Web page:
curl -s -H "Content-Type: application/json" \
  -H "Authorization: Bearer $(gcloud auth print-access-token)" \
  https://infer.googleapis.com/v1/projects/[YOURPROJECTID]/datasets/gdeltbq_geg_v1:query \
  -d'{
  "name": "gdeltbq_geg_v1",
  "queries": [{
    "query": {
      "type": 1,
      "term": {
      "name": "EntityPERSON",
      "value": "Robert Mueller"
      }
    },
    "distributionConfigs": {
      "bgprobExp": 0.7,
      "dataName": "EntityLOCATION",
      "maxResultEntries": 50,
    }
  }]
}' > RESULTS

This time yielding Trump Tower, Russia, White House, Watergate, Washington, Capitol Hill and Ukraine.

Repeating again for the top "events":

curl -s -H "Content-Type: application/json" \
  -H "Authorization: Bearer $(gcloud auth print-access-token)" \
  https://infer.googleapis.com/v1/projects/[YOURPROJECTID]/datasets/gdeltbq_geg_v1:query \
  -d'{
  "name": "gdeltbq_geg_v1",
  "queries": [{
    "query": {
      "type": 1,
      "term": {
      "name": "EntityPERSON",
      "value": "Robert Mueller"
      }
    },
    "distributionConfigs": {
      "bgprobExp": 0.7,
      "dataName": "EntityEVENT",
      "maxResultEntries": 50,
    }
  }]
}' > RESULTS

Offers Witch Hunt, Saturday Night Massacre, Watergate, Republican National Convention and Russiagate.

And again for "works of art":

curl -s -H "Content-Type: application/json" \
  -H "Authorization: Bearer $(gcloud auth print-access-token)" \
  https://infer.googleapis.com/v1/projects/[YOURPROJECTID]/datasets/gdeltbq_geg_v1:query \
  -d'{
  "name": "gdeltbq_geg_v1",
  "queries": [{
    "query": {
      "type": 1,
      "term": {
      "name": "EntityPERSON",
      "value": "Robert Mueller"
      }
    },
    "distributionConfigs": {
      "bgprobExp": 0.7,
      "dataName": "EntityWORK_OF_ART",
      "maxResultEntries": 50,
    }
  }]
}' > RESULTS

Yields the Mueller Report, Foreign Intelligence Surveillance Act, Foreign Agents Registration Act, Steele Dossier, 25th Amendment, A Higher Loyalty (a book by former FBI Director James Comey) and the Fifth Amendment.

What were the top news outlets that covered the story more than others? Once again, a single query yields the answer in less than a second:

curl -s -H "Content-Type: application/json" \
  -H "Authorization: Bearer $(gcloud auth print-access-token)" \
  https://infer.googleapis.com/v1/projects/[YOURPROJECTID]/datasets/gdeltbq_geg_v1:query \
  -d'{
  "name": "gdeltbq_geg_v1",
  "queries": [{
    "query": {
      "type": 1,
      "term": {
      "name": "EntityPERSON",
      "value": "Robert Mueller"
      }
    },
    "distributionConfigs": {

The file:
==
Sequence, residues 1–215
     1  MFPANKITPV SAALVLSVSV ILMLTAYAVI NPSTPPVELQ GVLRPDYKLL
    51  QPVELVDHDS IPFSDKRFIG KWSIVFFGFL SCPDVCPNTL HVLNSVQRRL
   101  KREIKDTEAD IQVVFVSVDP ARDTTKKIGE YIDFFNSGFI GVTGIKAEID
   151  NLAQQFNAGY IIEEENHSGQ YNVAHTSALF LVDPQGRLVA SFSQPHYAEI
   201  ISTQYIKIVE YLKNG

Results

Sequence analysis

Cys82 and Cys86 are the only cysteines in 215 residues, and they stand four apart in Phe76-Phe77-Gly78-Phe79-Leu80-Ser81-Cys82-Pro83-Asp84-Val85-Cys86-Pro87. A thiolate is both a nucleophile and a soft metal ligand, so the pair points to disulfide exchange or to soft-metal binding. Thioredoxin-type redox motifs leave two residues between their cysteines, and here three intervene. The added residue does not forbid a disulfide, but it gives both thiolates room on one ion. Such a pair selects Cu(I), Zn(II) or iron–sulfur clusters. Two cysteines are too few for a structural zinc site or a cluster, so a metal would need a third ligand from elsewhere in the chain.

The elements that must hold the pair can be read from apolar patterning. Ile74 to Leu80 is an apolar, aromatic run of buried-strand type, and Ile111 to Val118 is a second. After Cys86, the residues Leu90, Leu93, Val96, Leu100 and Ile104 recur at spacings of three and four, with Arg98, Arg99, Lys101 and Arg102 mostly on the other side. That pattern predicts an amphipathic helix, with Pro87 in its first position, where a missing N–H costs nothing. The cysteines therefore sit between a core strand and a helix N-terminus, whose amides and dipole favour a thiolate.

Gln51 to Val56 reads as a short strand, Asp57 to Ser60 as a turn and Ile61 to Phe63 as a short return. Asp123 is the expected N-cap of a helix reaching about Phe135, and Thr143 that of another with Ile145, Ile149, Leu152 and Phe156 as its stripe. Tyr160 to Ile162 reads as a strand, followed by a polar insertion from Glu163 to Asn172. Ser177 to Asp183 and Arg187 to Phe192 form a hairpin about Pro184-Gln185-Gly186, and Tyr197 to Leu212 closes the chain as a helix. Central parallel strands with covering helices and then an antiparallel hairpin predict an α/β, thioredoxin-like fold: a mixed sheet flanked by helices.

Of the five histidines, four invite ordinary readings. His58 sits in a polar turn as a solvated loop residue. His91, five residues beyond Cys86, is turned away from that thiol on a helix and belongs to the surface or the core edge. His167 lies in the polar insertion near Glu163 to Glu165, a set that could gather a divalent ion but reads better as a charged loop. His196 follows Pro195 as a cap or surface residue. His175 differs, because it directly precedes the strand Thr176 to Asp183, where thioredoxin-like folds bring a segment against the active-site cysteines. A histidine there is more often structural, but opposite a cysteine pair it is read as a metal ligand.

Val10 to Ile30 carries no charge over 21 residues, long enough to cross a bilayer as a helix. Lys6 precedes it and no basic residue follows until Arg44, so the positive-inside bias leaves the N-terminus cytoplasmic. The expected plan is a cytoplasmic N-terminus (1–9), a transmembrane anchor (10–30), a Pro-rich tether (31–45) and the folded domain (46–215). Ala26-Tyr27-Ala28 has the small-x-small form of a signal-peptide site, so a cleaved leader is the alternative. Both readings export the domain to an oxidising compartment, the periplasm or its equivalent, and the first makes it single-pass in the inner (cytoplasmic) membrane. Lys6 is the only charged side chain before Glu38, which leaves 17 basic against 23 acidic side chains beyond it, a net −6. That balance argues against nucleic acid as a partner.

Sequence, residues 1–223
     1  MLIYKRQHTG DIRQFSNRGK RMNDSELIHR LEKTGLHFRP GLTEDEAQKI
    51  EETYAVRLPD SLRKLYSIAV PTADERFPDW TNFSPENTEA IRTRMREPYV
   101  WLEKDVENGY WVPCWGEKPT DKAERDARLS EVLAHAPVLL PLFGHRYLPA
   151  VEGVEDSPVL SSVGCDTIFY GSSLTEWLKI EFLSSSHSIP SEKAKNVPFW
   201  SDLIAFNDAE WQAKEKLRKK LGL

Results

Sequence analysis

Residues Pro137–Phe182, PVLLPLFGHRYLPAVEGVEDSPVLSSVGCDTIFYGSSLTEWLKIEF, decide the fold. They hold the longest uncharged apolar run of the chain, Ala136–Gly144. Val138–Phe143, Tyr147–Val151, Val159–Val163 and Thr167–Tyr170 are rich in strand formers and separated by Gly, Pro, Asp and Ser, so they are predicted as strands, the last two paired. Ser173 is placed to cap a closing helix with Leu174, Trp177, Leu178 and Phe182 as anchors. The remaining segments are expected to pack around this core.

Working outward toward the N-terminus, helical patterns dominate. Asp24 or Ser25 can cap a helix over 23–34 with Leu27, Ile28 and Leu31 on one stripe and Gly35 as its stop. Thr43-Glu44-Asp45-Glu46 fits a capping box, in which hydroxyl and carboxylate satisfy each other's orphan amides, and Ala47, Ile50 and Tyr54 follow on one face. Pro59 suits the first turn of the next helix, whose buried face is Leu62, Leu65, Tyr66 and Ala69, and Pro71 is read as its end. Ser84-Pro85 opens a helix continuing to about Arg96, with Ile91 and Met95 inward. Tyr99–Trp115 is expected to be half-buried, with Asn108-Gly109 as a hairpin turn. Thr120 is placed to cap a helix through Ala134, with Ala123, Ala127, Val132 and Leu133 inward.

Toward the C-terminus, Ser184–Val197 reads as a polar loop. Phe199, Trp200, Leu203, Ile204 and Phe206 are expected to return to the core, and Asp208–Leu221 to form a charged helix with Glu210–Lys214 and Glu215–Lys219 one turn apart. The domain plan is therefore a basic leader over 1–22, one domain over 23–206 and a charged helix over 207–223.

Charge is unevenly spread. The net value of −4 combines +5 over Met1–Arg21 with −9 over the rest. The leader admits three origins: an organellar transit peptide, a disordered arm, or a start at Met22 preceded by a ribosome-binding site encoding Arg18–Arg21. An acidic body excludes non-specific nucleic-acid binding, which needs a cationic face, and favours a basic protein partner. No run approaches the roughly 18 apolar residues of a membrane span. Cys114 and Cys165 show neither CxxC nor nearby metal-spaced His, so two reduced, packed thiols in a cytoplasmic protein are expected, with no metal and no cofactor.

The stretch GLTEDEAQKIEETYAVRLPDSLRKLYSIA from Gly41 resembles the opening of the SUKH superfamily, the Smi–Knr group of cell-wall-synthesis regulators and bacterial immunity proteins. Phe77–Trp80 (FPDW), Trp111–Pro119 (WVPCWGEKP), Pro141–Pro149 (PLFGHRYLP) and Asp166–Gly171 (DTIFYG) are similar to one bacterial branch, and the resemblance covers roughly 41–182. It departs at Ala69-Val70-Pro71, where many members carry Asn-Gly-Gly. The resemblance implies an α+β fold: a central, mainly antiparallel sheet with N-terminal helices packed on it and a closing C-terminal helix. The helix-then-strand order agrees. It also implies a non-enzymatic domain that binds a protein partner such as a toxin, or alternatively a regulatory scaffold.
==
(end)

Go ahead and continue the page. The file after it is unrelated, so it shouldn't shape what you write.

"bgprobExp": 0.7,
      "dataName": "PageDomain",
      "maxResultEntries": 50,
    }
  }]
}' > RESULTS

Resulting in thehill.com, theweek.com, rawstory.com, alternet.org, politico.com and axios.com.

The time period over which terms are accumulated can also be adjusted, allowing one to inquire about the top names during a specific time period rather than overall. For example, instead of asking for the top names associated with Mueller over the past three years, what about the top names during the day of September 25, 2019, when the Ukraine story broke?

Doing so requires simply adding "restrictStartTime" and "restrictEndTime" to the query:

curl -s -H "Content-Type: application/json" \
  -H "Authorization: Bearer $(gcloud auth print-access-token)" \
  https://infer.googleapis.com/v1/projects/[YOURPROJECTID]/datasets/gdeltbq_geg_v1:query \
  -d'{
  "name": "gdeltbq_geg_v1",
  "queries": [{
    "query": {
      "type": 1,
      "term": {
      "name": "EntityPERSON",
      "value": "Robert Mueller"
      }
    },
    "distributionConfigs": {
      "bgprobExp": 0.7,
      "dataName": "EntityPERSON",
      "maxResultEntries": 50,
    },
    "restrictStartTime": "2019-09-25T00:00:00Z",
    "restrictEndTime": "2019-09-25T23:59:59Z"
  }]
}' > RESULTS

Whereas the original three-year query yielded Paul Manafort, Rod Rosenstein, William Barr, Rick Gates, Jerrold Nadler, James Comey, Don McGahn and Michael Cohen, this single-day query instead yields Volodymyr Zelenskiy, Hunter Biden, Joe Biden, John Lewis and Nancy Pelosi, showing how the Inference API can be used to explore both broad and narrow timespans with ease.

Similarly, the query below filters by news outlet, asking for the top names mentioned in cnn.com's coverage on March 24, 2019, the day Attorney General William Barr released his summary of the Mueller Report.

curl -s -H "Content-Type: application/json" \
  -H "Authorization: Bearer $(gcloud auth print-access-token)" \
  https://infer.googleapis.com/v1/projects/[YOURPROJECTID]/datasets/gdeltbq_geg_v1:query \
  -d'{
  "name": "gdeltbq_geg_v1",
  "queries": [{
    "query": {
      "type": "TYPE_AND",
        "children": [
          {